Definition of hot air in English:

hot air


  • [mass noun] Empty talk that is intended to impress.

    ‘they dismissed the theory as a load of hot air’
    • ‘On the topic of hot air, there were some absolutely jaw dropping quotes heard on the hill today.’
    • ‘Is it because they are too busy flapping inside and spewing hot air about little Englander issues alone?’
    • ‘So all the huffing and puffing from Free TV Australia is just special interest hot air.’
    • ‘His promises to subdue the militia in West Timor and restore law and order in Ambon are nothing but hot air.’
    • ‘But I'm not afraid to walk away if I think the person offering it is full of hot air.’
    • ‘Even its biggest advocates would have to admit that it really is one hell of a lot of hot air blowing slowly round the internet.’
    • ‘Well, generating all that hot air is thirsty work, and the weekend's here!’
    • ‘Despite all the poisonous hot air, Clarke failed to increase circulation.’
    • ‘One could hardly fail to see the parallel of two vast but empty projects full of little but hot air and blasted hopes.’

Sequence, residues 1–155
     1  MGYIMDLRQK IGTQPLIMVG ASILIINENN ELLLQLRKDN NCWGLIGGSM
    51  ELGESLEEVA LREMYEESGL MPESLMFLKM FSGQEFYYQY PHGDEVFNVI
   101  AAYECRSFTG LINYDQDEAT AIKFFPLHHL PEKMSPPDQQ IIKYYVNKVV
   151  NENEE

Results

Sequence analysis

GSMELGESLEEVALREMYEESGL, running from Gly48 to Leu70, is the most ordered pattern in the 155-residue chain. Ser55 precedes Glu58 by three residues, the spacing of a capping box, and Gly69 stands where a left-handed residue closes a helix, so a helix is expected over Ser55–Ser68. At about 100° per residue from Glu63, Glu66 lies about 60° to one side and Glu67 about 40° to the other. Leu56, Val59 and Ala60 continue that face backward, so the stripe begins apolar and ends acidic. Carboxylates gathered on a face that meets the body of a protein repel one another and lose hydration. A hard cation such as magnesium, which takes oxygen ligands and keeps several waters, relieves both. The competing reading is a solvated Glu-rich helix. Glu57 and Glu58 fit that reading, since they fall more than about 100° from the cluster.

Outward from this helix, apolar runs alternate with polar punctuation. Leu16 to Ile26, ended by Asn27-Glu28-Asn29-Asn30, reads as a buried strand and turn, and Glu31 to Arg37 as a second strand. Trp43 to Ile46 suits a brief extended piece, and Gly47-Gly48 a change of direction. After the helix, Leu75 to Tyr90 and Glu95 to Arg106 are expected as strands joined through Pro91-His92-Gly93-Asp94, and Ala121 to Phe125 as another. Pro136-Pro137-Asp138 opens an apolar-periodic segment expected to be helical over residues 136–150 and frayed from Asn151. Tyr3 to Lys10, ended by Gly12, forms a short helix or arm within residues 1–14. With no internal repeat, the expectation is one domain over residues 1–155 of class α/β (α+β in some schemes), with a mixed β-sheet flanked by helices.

• ‘You can expect world leaders to be talking a lot of hot air about climate change today.’
    • ‘Women talking are doing more than just filling the environment with hot air.’
    • ‘But when it came to the crunch, it turned out that the weightless economy was really fuelled by hot air.’
    • ‘If the profs and prophets reckon the balloon's going up, you can guarantee it's not hot air.’
    • ‘That will require a lot more talking and hopefully not too much hot air.’
    • ‘They think it is all a lot of hot air but we have carried out substantial surveys.’
    • ‘At least then he'd have done something for the environment, rather than polluting it with his hot air.’
    • ‘The question for consumers is whether all of this activity signals a big bang leading to lower prices or yet more hot air?’
    • ‘He is just full of himself, no lecture notes no real guidance and just lots of hot air.’
    • ‘The chances of his words amounting to more than hot air look slim indeed.’
    • ‘Like so many of Labour's initiatives, this one too has turned out to be so much hot air.’
    rubbish, balderdash, gibberish, claptrap, blarney, guff, blather, blether
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hot air